How to specify exact date-form with additional characters (e.g. for Batch Processing?)

Hey there,

I have documents from a hosting company that I want automatically add the date to the file name.
The problem is, they show the packages like this: (01.01.2019 - 31.12.2019)

The document date higher above is e.g. 12.12.2019.
So the script is set to use newest document date and - of course - finds the 31.12.2019.

How can I EXCLUDE all dates beginning or ending with a parenthesis?
Like excluding (11?11?1111 and 11?11?1111) - then it should use the document date, right?

Any help highly appreciated :slight_smile:

When you say

they show the packages like this: (01.01.2019 - 31.12.2019)

are you talking about the file’s name? If not, what do you mean by “package” - an archive like ZIP or tar?

Also, I’m not sure what

means. Do you want to say something like
“the documents contain lines with different dates, the most recent of them is 12.12.2019”?
If not, what do you mean? Could you show an excerpt of the document?

Where are the dates “in parentheses” coming from, what do they stand for?

If you want to extract a date from the document that is not the newest or oldest one, you’ll probably have to resort to scripting.

Hey @chrillek, thanks for the response and sorry for the confusion:

Yes I think a screenshot can clarify my issue:

The documents are in PDF-format, with package I mean the hosting-package - maybe in English hosting-bundle would be more accurate?
the desired date is in green (it is the document date I need for the file name)

You see many dates here, one stating the first order date, the others state the timeframe of the invoice. The problem is that the end of the timeframe is later/newer than the document date, but I need to fetch the document date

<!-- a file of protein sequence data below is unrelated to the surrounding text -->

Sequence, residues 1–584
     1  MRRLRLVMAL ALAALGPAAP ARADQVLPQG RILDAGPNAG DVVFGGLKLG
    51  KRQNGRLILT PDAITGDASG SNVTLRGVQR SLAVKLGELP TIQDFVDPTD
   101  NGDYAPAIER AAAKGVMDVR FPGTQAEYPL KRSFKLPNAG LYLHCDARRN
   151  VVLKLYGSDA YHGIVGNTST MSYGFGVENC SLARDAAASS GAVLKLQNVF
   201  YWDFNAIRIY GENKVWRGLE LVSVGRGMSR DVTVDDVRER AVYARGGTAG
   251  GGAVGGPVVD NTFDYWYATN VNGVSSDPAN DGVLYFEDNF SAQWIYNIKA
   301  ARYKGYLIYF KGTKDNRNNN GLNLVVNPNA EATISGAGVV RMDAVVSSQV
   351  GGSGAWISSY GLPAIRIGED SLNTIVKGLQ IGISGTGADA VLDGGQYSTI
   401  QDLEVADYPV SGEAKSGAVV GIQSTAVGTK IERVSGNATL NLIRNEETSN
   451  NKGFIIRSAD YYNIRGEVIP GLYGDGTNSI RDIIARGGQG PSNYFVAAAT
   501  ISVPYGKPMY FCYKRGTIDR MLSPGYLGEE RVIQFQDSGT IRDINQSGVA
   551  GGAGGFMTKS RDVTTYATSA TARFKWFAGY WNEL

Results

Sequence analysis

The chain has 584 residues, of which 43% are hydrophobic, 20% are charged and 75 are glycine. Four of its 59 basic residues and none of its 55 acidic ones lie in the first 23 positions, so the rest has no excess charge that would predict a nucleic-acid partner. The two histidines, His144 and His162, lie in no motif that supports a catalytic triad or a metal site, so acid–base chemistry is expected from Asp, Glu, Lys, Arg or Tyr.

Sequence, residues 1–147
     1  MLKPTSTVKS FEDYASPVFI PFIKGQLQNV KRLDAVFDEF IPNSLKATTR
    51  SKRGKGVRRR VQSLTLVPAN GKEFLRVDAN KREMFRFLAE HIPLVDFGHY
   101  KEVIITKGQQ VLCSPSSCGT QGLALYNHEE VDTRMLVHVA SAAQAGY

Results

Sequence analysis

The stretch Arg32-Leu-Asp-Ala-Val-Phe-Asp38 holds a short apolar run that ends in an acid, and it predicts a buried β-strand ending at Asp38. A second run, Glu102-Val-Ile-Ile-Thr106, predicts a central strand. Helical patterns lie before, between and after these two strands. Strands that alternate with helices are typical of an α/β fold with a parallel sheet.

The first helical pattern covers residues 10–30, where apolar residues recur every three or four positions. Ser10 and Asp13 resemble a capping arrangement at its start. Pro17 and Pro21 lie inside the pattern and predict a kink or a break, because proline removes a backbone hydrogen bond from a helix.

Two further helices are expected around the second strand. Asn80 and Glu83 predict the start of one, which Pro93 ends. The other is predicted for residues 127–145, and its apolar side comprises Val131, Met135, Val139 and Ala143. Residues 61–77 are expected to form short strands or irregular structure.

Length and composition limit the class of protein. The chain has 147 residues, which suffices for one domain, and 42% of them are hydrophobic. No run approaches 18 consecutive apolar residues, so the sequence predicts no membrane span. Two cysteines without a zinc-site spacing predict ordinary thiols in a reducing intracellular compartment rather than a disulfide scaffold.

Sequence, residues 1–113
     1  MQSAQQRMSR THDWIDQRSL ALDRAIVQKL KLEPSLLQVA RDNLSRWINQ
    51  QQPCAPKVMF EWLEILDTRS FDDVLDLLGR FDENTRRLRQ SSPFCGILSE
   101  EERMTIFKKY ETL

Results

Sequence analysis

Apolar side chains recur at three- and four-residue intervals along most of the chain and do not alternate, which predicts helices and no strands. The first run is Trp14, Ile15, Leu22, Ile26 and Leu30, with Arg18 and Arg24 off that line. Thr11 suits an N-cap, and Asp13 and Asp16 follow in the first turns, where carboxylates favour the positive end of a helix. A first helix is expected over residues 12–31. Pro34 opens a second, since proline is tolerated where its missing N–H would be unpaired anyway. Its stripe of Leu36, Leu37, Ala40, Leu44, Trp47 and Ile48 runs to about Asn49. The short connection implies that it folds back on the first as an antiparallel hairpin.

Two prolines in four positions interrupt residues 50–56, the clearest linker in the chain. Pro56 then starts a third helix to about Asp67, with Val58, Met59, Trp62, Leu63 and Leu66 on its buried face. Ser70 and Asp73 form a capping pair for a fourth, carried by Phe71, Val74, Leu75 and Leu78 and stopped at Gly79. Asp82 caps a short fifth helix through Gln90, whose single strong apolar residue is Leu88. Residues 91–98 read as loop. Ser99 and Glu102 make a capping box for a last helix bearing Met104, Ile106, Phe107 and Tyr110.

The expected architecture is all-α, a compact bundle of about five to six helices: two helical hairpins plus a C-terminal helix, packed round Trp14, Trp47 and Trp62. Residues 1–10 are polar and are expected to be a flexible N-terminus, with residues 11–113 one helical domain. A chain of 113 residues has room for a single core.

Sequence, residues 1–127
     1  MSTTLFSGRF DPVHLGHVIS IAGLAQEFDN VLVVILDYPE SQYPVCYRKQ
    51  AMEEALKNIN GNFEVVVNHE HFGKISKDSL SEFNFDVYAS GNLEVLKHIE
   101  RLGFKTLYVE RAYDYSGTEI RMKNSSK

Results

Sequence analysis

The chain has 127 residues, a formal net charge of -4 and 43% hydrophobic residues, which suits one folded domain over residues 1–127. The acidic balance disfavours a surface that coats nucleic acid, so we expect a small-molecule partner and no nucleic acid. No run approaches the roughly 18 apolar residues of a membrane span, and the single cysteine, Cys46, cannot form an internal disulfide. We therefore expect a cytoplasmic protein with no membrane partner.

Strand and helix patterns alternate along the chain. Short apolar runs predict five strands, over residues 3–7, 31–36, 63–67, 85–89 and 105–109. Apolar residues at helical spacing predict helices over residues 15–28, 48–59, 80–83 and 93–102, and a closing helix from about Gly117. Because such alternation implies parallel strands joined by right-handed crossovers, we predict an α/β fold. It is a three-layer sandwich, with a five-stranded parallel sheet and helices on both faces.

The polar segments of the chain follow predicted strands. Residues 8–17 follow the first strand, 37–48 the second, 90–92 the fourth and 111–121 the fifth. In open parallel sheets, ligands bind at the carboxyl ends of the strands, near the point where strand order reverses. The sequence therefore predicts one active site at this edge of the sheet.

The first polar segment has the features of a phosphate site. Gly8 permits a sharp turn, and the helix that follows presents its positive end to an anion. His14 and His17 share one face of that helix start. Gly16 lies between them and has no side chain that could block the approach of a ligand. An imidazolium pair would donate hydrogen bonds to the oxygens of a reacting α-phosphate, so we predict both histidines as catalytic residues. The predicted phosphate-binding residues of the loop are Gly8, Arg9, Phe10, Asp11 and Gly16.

What’s the first date in the document after converting it to plain text (see Data > Convert)?

First date is 27.05.2015 (date of first order and latest date)
the second date is 29.02.2020 (the desired one)

As the desired date doesn’t have a useful prefix/suffix that could be used by the Scan Text smart rule action, the only option is unfortunately to script this (e.g. by using the all document dates property of records).

Hi there,

after tinkering around I found that it is possible to use REGEX in batch processing :man_facepalming: ,
I noticed that the easiest thing that distinguish all the dates is that my desired date sits in a separate line. So I did the following:

Tools -> Batch Processing with the following settings

Scan Text | Regular Expression | \n(\d{2}.\d{2}.\d{2,4})\n
Change Name | %recordName% —\1
(the character I use for visual purposes only)

That searches for every date that begins and ends with a new line.
For those users who can’t read REGEX, this is what happens here:
\n = new line
\d = any number {2,4} = must be 2 OR 4 of it
\. = . (as the full stop (.) stands for any character in REGEX we need to escape it with \ )
( … ) is the group we can reference to with:

(thanks to @chrillek to mention to better strengthen the REGEX with the strict search for strict number of characters with {…}) – see post below


P.S.: Just because I thought of it:
If you have a german date format (like I have) and want to convert it into the English one (e.g. 16.03.2020 to 2020-03-16) you have to rewrite the rule to:
\n(\d{2}).(\d{2}).(\d{2,4})\n (group the numbers only)
and the Name Change to %recordName% —\3-\2-\1

Of course you can also use this trick to convert any english date back to german format :slight_smile:


That’s cool. I’d have suggested to go with JavaScript and a RegEx, but your approach is (at least for me) something new.

And I’d suggest to be a bit more specific in the RE, like \d{4} for the year.

Wow! What a compliment :star_struck:
Means much to hear that from a guru like you!

And of course you’re very right when you say:

I’ve changed it in the above explanation so other users can profit from it, too :slight_smile:

I’m pretty new to REGEX to be honest, and sometimes I forget to clarify it more.
I’m used to take less effort to catch the most fish - like working with the fish net, but that’s definitely NOT the way one should work with REGEX, I know :sweat_smile:

If you ever want to read up on REs, go for Jeffrey Friedls book on them (O’Reilly). There’s also a German edition available (at least it was).

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